Bordering the North Sea between Belgium and Germany, the Netherlands is low and flat, except in the southeast where some hills rise up to 322m. About half of the country is below sea level, with much of the land reclaimed from the sea. An extensive system of dikes and dams protects against flooding.
Holland is famous for its flowers, both wild flowers such as daisies and buttercups and cultivated varieties, best known among them the Dutch tulip. Wild or large animals are practically nonexistent but many bird species can be found, especially seagulls swarming over the coastal areas. Many kinds of fish abound in the lakes and rivers and harbour seals are found along the North Sea coast.
Air and water pollution are significant environmental problems in the Netherlands. Pollution of the country's rivers results from industrial and agricultural pollution, including heavy metals, organic compounds, nitrates and phosphates.
The generation of 6,000 megawatts from North Sea wind parks would provide enough energy to run all trains in the Netherlands and to power six million homes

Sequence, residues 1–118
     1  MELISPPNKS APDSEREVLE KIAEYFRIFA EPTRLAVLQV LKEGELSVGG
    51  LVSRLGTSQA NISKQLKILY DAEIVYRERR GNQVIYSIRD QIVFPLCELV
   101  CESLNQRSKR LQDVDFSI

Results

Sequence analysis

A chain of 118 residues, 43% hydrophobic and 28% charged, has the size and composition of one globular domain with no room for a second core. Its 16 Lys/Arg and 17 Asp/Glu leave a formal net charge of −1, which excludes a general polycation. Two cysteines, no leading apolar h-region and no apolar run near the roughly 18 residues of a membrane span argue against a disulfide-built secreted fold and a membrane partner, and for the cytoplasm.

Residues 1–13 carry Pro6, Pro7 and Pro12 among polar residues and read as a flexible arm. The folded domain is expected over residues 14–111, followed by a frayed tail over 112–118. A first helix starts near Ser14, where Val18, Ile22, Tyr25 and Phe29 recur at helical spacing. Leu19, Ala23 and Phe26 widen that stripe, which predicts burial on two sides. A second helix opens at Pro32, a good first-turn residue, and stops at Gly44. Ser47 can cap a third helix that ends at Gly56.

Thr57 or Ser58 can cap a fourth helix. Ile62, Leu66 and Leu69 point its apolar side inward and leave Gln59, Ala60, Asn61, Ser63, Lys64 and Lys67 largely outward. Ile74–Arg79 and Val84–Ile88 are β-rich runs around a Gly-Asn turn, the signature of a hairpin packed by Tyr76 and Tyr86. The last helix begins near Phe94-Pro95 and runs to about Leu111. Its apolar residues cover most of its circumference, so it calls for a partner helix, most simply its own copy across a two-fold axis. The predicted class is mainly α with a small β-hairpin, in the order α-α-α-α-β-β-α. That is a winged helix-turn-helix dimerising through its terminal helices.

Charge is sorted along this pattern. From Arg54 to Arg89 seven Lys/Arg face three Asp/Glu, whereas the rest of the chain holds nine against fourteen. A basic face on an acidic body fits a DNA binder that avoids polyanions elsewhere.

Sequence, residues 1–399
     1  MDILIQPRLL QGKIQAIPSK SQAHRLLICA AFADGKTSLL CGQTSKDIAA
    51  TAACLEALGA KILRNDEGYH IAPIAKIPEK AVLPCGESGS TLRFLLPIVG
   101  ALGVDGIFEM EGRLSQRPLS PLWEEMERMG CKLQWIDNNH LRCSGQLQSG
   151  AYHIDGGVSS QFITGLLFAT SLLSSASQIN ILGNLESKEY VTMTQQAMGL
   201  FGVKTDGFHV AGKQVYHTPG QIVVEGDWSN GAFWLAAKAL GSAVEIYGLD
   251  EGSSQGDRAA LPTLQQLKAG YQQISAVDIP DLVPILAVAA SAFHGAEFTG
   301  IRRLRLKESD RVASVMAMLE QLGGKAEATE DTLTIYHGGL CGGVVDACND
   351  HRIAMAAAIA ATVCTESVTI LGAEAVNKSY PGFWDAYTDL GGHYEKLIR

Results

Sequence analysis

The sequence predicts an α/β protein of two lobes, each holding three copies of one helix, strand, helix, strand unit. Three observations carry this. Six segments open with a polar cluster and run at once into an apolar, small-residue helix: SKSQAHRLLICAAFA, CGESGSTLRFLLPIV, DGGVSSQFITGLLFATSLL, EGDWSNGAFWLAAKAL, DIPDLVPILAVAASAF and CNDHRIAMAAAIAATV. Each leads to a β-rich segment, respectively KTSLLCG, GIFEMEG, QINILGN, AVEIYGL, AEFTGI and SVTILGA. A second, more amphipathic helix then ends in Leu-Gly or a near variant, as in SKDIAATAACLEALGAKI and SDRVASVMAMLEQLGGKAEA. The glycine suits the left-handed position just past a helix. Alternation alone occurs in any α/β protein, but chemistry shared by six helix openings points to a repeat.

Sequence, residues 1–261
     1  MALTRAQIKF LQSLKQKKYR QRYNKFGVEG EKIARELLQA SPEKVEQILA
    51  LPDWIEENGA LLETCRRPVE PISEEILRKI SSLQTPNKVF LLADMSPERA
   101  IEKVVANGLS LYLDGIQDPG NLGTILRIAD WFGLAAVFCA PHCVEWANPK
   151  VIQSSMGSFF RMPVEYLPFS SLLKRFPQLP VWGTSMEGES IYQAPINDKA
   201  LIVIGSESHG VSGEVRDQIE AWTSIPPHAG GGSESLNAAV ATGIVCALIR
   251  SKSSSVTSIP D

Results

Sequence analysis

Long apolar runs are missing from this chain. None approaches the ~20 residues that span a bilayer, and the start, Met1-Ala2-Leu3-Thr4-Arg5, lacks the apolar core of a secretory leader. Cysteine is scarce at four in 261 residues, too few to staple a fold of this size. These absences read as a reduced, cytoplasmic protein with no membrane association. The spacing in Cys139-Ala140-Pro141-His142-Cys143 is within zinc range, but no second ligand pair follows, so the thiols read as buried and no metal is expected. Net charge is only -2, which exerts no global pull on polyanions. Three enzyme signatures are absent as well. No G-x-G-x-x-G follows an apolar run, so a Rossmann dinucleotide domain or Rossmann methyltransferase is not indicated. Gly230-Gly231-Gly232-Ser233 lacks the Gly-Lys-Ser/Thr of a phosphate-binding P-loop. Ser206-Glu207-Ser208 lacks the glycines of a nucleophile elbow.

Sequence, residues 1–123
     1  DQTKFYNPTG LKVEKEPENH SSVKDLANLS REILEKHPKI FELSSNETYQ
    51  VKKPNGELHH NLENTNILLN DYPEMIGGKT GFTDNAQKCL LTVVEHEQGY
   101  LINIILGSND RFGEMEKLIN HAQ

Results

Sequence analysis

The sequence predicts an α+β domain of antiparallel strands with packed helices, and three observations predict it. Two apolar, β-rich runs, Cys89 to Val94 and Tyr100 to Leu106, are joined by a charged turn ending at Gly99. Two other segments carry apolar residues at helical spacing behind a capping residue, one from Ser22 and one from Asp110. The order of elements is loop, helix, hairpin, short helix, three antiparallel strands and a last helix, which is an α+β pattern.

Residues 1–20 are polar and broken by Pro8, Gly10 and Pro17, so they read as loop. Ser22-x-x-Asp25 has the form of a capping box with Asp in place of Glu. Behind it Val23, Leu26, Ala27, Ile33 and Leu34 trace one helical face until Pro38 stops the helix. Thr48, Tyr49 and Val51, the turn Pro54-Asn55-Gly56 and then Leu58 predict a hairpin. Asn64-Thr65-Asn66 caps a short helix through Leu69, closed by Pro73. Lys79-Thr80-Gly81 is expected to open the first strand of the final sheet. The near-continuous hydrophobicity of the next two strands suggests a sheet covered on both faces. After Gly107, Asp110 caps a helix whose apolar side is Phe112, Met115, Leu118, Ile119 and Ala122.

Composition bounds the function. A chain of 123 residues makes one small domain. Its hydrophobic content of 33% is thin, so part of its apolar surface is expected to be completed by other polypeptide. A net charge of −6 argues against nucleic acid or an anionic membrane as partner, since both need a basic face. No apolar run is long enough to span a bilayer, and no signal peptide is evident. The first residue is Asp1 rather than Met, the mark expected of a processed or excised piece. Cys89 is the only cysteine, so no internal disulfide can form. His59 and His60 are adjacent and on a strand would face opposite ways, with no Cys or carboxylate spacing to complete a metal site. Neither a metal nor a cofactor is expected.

In addition to the big-name Dutch beer brands, you can also find organic beers ranging from light pilsners to rich browns and dark stouts.
A number of Dutch retailers and supermarkets are displaying the Marine Stewardship Council (MSC) eco-label, indicating that their seafood products come from well-managed fisheries. Look for the label when buying seafood in the Netherlands.
Schiermonnikoog National Park: Located on an island in the very north of the country in the Wadden Sea, this national park is known for its tidal flats, salt marshes, sand dunes and beaches. Many bird species are found here and seals can occasionally be seen lying on the sandbank at the northwest end of the island.
Vondelpark: Covering 47 hectares, this is Amsterdam’s largest and most popular park, providing a perfect getaway from the city. The park consists of a mosaic of lakes, meadows and woodlands, and hosts a film museum, open air theatre and several playgrounds.
Oosterschelde National Park: Covering 37,000 hectares in the country’s southwest, this is the Netherlands’ largest national park. It is known for its extensive tidal areas, which attract many bird species. The park is popular for scuba diving as well as sailing, fishing, cycling and bird watching. There are regular sightings of seals and porpoises.
De Hoge Veluwe National Park: An easy day-trip from Amsterdam, this national park of woodlands, sand dunes and heathlands is home to wild boars, and red and roe deer. Free white bikes are available to get around the 5,500-hectare park.
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